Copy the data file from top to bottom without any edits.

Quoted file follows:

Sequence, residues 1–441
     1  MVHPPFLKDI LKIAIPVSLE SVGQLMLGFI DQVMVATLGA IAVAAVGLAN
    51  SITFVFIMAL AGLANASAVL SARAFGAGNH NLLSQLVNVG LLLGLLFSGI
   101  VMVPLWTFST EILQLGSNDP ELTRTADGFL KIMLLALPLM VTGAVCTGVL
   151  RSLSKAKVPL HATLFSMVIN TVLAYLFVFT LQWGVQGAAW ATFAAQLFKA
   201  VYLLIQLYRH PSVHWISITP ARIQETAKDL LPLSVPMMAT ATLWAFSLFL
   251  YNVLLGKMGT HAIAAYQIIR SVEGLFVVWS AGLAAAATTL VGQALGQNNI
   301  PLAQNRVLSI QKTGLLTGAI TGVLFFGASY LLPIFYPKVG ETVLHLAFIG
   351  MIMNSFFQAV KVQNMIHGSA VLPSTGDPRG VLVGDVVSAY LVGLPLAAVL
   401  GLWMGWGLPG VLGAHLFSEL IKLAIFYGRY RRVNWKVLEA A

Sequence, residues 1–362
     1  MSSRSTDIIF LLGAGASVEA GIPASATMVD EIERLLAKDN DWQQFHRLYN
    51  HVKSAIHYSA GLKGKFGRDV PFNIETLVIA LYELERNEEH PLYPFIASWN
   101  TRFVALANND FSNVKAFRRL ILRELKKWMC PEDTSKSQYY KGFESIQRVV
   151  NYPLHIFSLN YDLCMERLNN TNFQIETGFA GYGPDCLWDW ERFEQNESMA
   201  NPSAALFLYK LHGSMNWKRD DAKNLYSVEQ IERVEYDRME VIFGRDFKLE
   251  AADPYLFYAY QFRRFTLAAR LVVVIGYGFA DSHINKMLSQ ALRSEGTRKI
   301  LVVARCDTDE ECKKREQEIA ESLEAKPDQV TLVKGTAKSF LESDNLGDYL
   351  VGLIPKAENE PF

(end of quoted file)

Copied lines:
Sequence, residues 1–441
     1  MVHPPFLKDI LKIAIPVSLE SVGQLMLGFI DQVMVATLGA IAVAAVGLAN
    51  SITFVFIMAL AGLANASAVL SARAFGAGNH NLLSQLVNVG LLLGLLFSGI
   101  VMVPLWTFST EILQLGSNDP ELTRTADGFL KIMLLALPLM VTGAVCTGVL
   151  RSLSKAKVPL HATLFSMVIN TVLAYLFVFT LQWGVQGAAW ATFAAQLFKA
   201  VYLLIQLYRH PSVHWISITP ARIQETAKDL LPLSVPMMAT ATLWAFSLFL
   251  YNVLLGKMGT HAIAAYQIIR SVEGLFVVWS AGLAAAATTL VGQALGQNNI
   301  PLAQNRVLSI QKTGLLTGAI TGVLFFGASY LLPIFYPKVG ETVLHLAFIG
   351  MIMNSFFQAV KVQNMIHGSA VLPSTGDPRG VLVGDVVSAY LVGLPLAAVL
   401  GLWMGWGLPG VLGAHLFSEL IKLAIFYGRY RRVNWKVLEA A

Sequence, residues 1–362
     1  MSSRSTDIIF LLGAGASVEA GIPASATMVD EIERLLAKDN DWQQFHRLYN
    51  HVKSAIHYSA GLKGKFGRDV PFNIETLVIA LYELERNEEH PLYPFIASWN
   101  TRFVALANND FSNVKAFRRL ILRELKKWMC PEDTSKSQYY KGFESIQRVV
   151  NYPLHIFSLN YDLCMERLNN TNFQIETGFA GYGPDCLWDW ERFEQNESMA
   201  NPSAALFLYK LHGSMNWKRD DAKNLYSVEQ IERVEYDRME VIFGRDFKLE
   251  AADPYLFYAY QFRRFTLAAR LVVVIGYGFA DSHINKMLSQ ALRSEGTRKI
   301  LVVARCDTDE ECKKREQEIA ESLEAKPDQV TLVKGTAKSF LESDNLGDYL
   351  VGLIPKAENE PF